It’s odd that these sorting mechanism have become more sophisticated but they don’t really help people. They pathologize the people who can’t make it. They privilege the people who can, those who Michael Sandel wrote a wonderful book that I looked at for my last play, “Let Me Down Easy,” called “The Case Against Perfection.”
So while too many American children are failing, being pushed out dropping out, a whole bunch of others are being pushed toward superhuman excellence. If these parents could figure out a drug to make their kids more beautiful, faster, smart, they would; because the competition to get into these colleges is so great. So I don’t think this has served anybody, honestly. I think this has corrupted what learning is.
I am learning. That’s the only thing I can do well. I can learn things. I can spend my life learning.
Q) If you had the power to make changes to address the school-to-prison pipeline, what did your research tell you that should be?
A) I wouldn’t be a good policymaker, and I hope that “Notes From the Field” is a mating call to people who do make policy.
For example, I recall I invoked the name of the chief justice of the Supreme Court of California. I’m an actor. She really wanted me to come and speak to a conference of judges from all across the United States. She probably thought that a person like me, who is trained to move hearts and minds, has something to offer her. Well, she would be a fantastic person to be at a roundtable about policy. I understand my limitations.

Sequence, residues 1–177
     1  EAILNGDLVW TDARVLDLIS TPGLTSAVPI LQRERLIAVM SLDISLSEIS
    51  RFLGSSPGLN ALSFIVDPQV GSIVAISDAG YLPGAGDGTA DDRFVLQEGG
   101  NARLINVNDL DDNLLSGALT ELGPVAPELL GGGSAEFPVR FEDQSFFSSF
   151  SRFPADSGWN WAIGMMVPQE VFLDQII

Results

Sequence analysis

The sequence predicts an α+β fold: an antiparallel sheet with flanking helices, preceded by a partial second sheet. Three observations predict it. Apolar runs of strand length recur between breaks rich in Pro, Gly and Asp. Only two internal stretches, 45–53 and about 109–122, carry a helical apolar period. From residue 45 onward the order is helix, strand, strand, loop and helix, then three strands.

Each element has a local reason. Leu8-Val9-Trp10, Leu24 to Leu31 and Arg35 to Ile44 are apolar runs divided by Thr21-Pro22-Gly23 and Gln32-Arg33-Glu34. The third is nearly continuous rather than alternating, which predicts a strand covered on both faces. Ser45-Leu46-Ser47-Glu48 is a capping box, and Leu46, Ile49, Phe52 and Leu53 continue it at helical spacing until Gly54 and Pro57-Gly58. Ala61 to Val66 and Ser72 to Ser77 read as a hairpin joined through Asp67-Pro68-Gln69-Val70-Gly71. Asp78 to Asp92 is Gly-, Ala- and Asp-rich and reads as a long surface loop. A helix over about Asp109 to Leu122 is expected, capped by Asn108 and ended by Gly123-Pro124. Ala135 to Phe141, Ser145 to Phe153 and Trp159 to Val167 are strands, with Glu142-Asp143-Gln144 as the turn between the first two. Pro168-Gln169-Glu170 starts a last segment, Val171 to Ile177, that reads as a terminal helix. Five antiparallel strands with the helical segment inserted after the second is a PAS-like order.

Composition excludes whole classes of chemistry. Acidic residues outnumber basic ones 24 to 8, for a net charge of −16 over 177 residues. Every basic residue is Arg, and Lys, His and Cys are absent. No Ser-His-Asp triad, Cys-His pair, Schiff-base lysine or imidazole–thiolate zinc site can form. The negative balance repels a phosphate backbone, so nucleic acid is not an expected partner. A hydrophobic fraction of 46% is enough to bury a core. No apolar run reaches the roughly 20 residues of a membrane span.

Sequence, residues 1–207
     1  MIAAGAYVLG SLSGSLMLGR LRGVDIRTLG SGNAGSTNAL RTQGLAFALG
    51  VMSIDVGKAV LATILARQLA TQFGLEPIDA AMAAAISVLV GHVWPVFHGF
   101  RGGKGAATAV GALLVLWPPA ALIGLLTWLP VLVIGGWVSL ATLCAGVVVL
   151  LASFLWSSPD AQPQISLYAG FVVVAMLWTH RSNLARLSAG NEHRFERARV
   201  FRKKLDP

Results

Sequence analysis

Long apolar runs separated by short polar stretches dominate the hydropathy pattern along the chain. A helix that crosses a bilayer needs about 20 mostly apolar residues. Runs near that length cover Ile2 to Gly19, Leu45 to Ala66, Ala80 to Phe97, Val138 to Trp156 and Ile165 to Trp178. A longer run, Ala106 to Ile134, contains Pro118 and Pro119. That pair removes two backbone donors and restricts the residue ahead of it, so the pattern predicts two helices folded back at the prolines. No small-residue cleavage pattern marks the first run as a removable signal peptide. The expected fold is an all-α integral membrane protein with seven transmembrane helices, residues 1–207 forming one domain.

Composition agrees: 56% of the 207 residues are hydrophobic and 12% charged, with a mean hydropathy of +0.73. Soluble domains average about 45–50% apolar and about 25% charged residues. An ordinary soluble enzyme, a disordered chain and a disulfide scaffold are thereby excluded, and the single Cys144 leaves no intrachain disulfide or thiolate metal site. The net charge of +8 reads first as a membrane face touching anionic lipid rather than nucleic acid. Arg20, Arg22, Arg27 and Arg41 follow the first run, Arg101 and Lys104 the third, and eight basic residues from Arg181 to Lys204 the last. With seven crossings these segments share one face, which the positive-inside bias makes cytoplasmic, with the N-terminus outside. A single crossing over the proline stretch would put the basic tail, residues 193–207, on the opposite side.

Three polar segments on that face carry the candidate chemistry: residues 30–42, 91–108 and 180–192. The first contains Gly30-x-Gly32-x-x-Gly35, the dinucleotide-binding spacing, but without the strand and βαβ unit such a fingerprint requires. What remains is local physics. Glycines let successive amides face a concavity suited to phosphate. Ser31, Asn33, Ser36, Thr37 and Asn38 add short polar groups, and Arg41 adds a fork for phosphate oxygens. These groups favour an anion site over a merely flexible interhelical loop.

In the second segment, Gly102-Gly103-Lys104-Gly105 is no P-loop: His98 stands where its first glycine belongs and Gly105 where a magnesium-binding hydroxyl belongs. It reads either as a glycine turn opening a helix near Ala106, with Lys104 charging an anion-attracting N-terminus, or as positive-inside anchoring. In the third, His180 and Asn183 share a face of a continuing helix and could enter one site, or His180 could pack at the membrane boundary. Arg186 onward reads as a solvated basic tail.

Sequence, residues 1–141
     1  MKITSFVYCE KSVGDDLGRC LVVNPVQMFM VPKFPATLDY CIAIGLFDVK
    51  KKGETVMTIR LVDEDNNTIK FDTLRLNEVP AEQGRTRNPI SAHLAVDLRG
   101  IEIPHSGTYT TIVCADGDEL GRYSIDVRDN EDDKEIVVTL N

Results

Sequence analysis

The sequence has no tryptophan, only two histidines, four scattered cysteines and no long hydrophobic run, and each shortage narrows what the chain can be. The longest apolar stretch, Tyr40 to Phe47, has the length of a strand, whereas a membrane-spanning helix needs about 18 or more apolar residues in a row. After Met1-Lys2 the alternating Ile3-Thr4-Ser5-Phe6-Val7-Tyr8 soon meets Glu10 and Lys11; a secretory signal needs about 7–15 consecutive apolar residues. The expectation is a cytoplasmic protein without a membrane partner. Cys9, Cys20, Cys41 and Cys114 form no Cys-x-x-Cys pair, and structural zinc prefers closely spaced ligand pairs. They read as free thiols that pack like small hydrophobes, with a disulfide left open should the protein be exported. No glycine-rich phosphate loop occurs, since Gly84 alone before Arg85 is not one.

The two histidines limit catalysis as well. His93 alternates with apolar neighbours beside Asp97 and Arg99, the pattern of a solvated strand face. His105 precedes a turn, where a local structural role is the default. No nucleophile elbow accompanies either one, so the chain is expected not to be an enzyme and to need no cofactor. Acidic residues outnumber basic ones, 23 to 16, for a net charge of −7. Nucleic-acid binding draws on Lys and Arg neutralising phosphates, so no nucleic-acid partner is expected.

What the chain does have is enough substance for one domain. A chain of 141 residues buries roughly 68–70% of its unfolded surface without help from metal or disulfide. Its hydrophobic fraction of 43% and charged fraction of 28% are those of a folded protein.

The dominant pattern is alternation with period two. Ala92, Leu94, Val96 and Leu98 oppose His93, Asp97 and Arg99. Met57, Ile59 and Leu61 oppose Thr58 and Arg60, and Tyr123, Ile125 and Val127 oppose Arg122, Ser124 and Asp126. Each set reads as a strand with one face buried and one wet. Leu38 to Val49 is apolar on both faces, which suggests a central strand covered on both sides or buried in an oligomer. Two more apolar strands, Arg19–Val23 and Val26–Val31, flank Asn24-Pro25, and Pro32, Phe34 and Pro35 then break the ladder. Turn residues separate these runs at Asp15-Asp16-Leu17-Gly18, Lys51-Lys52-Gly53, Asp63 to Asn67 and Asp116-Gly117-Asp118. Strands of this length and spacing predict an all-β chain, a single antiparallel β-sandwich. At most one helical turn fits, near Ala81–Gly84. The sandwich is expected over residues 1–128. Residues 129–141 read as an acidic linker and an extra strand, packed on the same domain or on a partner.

This play is meant to be what it is, a film, a work of art that I hope will excite people who have different resources and different kinds of abilities than I do to make a difference.
There is this one thing that is different about the United States of America. I said before I went to four geographic areas and did 250 interviews. Police officers, in and out of jails, probation officers, intellectuals, physicians. Almost nobody ever used a word that I think is really important and that I did see at my mother’s dining room table: love.
But when I went to Finland, which at the time was said to have the best education system in the world, I met the equivalent to our secretary of education, and she was using the word “love” a lot. I said, “Wow, I never heard anybody use that word in the U.S. when talking about this.” … They just looked at me like I was crazy.
How can you talk about education if you don’t use the word “love”?
Correction: An earlier version of this article misstated the name of a Rockefeller University neurobiologist. His name is Bruce McEwen, not Bruce McKewan.